As the need for data security increases in all industries, including medicine, banking, and homeland security, the demand for professionals with knowledge in the areas of information assurance and computer security continues to grow. In 2003, as part of the National Strategy to Secure Cyberspace, the White House identified as a top priority the necessity of maintaining a pool of well-trained and certified IT security specialists through providing comprehensive training and education.
The cybersecurity major builds on a basic computer science education to also develop the deep technical skills required of a modern security professional. These skills include a deep knowledge and understanding of crytography, as well as the ability to diagnose threats and defences for software systems. Therefore the pivot course for this major is a course in secure systems that includes a cybersecurity lab as a co-requisite. The cybersecurity major includes courses in:
- Operating systems
- Concurrent programming
- Database management systems
- Cybersecurity fundamentals
- Secure systems
This program is structured to provide students with security expertise within the context of a broad education. The curriculum not only has a strong focus in science and computer science but also incorporates aspects of engineering and technology management. Cybersecurity students in the senior design project do a project involving secure systems, under the guidance and supervision of security faculty.To top
Information Systems (IS) is designed for those seeking the background needed to apply information technology to support the major functions of a business or public institution. Information systems manage the collection, manipulation, storage, distribution and utilization of an organization's information. The Stevens IS major distinguishes itself by its technical rigor, and by providing high-level skills in software development and systems analysis. A solid background in business skills is combined with an information technology background whose technical core is shared with other majors in the computer science department. Both strong technical ability and a firm grounding in business skills are essential for the modern high-end IS professional.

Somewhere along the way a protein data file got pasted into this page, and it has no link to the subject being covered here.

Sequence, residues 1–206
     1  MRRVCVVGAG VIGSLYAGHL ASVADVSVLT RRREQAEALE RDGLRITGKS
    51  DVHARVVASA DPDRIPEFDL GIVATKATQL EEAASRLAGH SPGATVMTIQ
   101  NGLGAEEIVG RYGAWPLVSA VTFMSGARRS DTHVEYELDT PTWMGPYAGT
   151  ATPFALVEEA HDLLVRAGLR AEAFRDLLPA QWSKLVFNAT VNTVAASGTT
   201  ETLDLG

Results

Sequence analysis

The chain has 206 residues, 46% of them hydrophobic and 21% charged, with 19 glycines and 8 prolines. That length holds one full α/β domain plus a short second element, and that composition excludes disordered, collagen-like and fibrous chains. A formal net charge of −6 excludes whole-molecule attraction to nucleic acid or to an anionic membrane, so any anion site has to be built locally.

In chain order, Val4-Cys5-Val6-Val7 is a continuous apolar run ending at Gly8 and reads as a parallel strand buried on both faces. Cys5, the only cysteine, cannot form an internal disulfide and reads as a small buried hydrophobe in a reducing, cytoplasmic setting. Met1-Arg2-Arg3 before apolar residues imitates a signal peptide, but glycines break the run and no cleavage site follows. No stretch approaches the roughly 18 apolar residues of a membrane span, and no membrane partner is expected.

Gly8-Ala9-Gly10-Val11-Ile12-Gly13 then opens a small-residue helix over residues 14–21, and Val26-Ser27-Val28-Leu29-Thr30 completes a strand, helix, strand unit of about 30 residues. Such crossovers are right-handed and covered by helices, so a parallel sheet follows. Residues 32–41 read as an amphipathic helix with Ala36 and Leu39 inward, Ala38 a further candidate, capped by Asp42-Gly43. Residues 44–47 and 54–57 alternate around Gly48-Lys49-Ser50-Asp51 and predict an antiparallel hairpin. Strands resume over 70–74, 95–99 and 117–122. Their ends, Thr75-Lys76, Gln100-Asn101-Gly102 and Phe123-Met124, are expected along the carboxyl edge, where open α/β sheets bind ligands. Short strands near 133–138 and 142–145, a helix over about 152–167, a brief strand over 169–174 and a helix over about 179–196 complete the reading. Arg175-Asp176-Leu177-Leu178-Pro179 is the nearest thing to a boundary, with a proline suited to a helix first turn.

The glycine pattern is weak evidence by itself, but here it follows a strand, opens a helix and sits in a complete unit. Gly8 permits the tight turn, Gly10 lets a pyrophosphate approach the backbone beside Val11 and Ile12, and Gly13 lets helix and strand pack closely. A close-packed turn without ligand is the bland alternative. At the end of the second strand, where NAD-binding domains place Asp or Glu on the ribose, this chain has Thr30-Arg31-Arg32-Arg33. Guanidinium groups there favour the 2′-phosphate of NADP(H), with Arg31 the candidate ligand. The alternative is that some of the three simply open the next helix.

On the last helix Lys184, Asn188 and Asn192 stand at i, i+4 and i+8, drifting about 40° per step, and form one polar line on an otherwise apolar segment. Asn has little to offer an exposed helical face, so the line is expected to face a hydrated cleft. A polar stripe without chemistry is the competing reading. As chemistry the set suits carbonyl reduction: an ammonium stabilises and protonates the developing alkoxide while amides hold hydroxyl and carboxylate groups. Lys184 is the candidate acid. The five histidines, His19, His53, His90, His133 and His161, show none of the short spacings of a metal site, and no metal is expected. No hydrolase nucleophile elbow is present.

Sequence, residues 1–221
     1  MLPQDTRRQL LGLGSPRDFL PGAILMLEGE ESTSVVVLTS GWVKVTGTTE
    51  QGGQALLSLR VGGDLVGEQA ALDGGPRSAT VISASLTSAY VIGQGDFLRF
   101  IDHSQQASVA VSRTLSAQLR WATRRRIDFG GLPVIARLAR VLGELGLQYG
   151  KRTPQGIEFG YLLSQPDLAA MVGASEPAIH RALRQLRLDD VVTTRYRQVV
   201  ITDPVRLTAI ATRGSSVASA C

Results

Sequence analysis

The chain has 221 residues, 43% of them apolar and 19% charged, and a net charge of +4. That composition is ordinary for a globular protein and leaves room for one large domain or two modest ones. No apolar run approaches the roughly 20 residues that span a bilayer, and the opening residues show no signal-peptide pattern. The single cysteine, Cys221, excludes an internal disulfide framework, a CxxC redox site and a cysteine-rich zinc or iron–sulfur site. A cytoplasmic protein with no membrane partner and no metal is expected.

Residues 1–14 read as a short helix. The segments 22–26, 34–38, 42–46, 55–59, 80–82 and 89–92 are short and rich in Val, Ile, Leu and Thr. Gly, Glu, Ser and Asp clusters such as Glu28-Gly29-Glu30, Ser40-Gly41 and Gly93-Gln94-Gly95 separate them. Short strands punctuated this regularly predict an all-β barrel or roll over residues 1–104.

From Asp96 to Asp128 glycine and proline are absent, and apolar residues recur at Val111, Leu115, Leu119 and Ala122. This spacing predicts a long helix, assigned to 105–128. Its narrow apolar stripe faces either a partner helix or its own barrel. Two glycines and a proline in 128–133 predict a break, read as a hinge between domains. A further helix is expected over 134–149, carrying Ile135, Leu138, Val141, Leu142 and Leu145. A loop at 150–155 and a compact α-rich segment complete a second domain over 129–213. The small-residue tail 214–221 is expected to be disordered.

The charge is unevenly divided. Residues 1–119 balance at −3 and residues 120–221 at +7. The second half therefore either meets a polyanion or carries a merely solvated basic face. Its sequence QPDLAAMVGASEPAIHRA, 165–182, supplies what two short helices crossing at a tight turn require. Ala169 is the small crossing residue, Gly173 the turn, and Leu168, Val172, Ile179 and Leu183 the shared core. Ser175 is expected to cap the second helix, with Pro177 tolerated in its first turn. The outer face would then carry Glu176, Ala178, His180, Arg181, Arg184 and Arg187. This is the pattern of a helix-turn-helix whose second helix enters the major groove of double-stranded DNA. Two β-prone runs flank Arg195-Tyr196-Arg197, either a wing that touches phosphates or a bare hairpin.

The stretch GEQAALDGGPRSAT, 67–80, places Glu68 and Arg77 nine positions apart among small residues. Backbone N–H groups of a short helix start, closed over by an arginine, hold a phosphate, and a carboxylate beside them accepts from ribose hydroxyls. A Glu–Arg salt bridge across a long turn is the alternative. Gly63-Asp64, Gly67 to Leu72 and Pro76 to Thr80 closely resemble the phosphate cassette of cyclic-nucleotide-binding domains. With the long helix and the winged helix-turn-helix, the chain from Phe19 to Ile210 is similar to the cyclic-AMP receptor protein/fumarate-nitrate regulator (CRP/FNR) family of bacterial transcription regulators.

Both the two-year skills “spine” and the senior-year capstone project course are shared between Information Systems and Computer Science majors. This ensures that IS majors obtain the rigorous grounding in IS skills that the high-end IS professional is expected to have. While the Computer Science program is designed to allow majors to “drill down” to specific technical areas, the Information Systems program offers a focus on business and management functions, including basic business skills such as accounting, marketing and organizational behavior. The IS program also provides a specific focus on systems analysis and information management: how an organization (be it business, government or any other kind of organization) can structure its IS function, and how the IS manager relates to the rest of the managerial structure.
In recognition of the modern IS environment, the IS program has an additional emphasis on networked information. Courses in systems programming, Web programming and databases demonstrate how to realize the opportunities offered by IS in managing information. Courses in cybersecurity and privacy address the technical, managerial and legal hazards that must be addressed in the modern networked world. Indeed, much of the IS core is shared with the other majors in the computer science department. While these majors drill down to technical aspects of computer systems, IS focuses on organizational aspects of information management. The IS major includes courses in:
- database management systems
- cybersecurity fundamentals
- business skills:
- requirements acquisition and human computer interaction
web programming and service oriented architecture (SOA)
A typical career path for a student majoring in IS is an entry-level software developer/systems analyst position, rising eventually to Chief Information Officer (CIO) or Chief Technical Officer (CTO) in an organization. The IS major’s emphases on information management and project management are essential preparation for either of these career paths.